Evolution: History

Abstract

The modern theory of evolution was founded by Charles Darwin, but an overview of the history of evolutionism shows that ideas of the transformation of species predated the publication of his Origin of Species in 1859. Various theories of progressive and purposeful change in the organic world had begun to circulate even before Darwin's more radical theory was injected into the debate. Natural selection was regarded as a materialistic idea, and through the late nineteenth century naturalists searched for alternatives that would allow them to believe that the history of life had an ultimate purpose. A complex series of developments in the early twentieth century was needed to create the genetical theory of natural selection accepted by most biologists today.

Keywords: evolution; Darwin; darwinism; lamarckism

Further Reading

Bowler PJ (1983) The Eclipse of Darwinism. Baltimore: Johns Hopkins University Press.

Bowler PJ (1989) Evolution: The History of an Idea. Berkeley: University of California Press.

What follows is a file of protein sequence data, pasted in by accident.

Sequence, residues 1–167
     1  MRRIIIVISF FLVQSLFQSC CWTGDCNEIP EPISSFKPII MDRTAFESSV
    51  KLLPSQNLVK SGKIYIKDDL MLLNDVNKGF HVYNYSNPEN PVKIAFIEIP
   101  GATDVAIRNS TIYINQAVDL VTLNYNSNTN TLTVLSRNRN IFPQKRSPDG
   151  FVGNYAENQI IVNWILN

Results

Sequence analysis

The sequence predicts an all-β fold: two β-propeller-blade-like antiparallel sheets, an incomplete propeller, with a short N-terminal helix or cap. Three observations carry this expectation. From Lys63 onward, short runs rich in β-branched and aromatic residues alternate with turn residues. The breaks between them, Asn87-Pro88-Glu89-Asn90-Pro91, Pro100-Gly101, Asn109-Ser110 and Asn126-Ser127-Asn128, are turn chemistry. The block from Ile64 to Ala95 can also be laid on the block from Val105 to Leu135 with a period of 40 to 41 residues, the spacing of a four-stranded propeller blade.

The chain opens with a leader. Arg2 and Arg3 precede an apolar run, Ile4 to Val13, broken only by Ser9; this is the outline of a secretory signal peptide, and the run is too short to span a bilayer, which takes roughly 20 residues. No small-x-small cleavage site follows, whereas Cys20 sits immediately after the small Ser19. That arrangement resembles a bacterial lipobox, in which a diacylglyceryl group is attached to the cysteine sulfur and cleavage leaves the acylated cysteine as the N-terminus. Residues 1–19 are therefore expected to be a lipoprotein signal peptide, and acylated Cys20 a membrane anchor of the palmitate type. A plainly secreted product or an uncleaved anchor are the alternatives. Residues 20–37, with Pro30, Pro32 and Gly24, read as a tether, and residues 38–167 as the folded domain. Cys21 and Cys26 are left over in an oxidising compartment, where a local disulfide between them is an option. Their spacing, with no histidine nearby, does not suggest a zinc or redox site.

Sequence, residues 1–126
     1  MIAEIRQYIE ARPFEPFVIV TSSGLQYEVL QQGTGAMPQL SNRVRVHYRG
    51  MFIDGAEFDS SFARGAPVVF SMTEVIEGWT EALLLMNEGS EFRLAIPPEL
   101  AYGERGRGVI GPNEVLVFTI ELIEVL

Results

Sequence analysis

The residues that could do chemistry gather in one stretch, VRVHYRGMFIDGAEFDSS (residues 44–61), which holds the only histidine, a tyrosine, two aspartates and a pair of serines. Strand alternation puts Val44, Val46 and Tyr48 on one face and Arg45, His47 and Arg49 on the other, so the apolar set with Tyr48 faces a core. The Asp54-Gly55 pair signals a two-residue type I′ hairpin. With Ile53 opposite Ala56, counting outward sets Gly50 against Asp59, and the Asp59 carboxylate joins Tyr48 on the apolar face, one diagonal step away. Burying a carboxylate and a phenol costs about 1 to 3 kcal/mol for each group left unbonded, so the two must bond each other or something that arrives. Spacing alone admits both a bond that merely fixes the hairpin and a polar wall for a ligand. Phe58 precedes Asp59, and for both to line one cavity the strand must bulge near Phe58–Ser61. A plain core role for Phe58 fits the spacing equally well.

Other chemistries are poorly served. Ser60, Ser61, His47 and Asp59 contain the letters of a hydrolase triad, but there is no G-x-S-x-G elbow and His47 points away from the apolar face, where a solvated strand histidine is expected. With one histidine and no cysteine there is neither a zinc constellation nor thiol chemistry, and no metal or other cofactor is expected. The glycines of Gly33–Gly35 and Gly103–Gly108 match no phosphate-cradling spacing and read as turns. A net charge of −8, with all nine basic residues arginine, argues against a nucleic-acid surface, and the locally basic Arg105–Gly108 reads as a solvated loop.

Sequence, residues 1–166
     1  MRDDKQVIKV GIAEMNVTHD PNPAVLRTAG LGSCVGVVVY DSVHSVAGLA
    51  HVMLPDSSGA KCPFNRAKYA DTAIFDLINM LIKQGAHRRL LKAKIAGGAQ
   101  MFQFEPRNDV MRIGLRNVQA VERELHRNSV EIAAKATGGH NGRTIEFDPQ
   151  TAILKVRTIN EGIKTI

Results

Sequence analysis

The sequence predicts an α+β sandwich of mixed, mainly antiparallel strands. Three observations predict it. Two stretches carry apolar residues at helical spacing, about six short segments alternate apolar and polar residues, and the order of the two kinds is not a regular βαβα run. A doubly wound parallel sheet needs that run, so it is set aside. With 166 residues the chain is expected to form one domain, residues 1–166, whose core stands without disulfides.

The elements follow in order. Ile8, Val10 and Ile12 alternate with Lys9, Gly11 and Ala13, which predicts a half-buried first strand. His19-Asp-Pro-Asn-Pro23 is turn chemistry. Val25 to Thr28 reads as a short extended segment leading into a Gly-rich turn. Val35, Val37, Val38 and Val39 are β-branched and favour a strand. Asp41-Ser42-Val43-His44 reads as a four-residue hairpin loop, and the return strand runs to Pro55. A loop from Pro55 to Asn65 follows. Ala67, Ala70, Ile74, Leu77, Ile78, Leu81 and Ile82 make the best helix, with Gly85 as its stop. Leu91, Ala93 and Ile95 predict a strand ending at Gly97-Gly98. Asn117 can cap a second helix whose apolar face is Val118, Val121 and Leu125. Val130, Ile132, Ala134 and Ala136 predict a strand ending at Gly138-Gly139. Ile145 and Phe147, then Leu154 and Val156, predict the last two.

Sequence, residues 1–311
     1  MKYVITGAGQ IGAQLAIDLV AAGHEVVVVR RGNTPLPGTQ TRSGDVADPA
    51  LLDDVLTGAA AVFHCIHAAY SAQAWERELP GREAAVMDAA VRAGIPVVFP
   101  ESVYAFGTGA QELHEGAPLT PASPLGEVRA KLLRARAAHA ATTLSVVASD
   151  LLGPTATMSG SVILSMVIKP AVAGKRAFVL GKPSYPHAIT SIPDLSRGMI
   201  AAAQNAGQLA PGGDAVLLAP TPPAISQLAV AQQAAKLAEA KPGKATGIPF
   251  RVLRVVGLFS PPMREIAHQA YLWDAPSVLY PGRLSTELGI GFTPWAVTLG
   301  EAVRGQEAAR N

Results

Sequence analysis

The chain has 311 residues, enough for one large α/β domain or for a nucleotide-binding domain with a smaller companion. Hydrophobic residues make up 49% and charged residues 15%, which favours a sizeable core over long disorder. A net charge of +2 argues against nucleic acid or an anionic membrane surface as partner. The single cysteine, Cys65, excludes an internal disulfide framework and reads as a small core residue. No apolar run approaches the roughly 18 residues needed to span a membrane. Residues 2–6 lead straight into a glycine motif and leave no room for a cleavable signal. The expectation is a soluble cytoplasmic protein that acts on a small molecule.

Desmond A (1989) The Politics of Evolution: Morphology, Medicine and Reform in Radical London. Chicago: University of Chicago Press.

Gillispie CC (1959) Genesis and Geology. New York: Harper.

Glass B, Temkin OL and Strauss W (eds) (1959) Forerunners of Darwin. Baltimore: Johns Hopkins University Press.

Greene JC (1959) The Death of Adam. Ames, IA: Iowa State University Press.

Mayr E (1982) The Growth of Biological Thought. Cambridge, MA: Harvard University Press.

Mayr E and Provine WB (eds) (1980) The Evolutionary Synthesis. Cambridge, MA: Harvard University Press.

Ruse M (1979) The Darwinian Revolution. Chicago: University of Chicago Press.

Smocovitis VB (1996) Unifying Biology: The Evolutionary Synthesis and Evolutionary Biology. Princeton: Princeton University Press.

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How to Cite close
Bowler, Peter J(Sep 2010) Evolution: History. In: eLS. John Wiley & Sons Ltd, Chichester. http://www.els.net [doi: 10.1002/9780470015902.a0001517.pub2]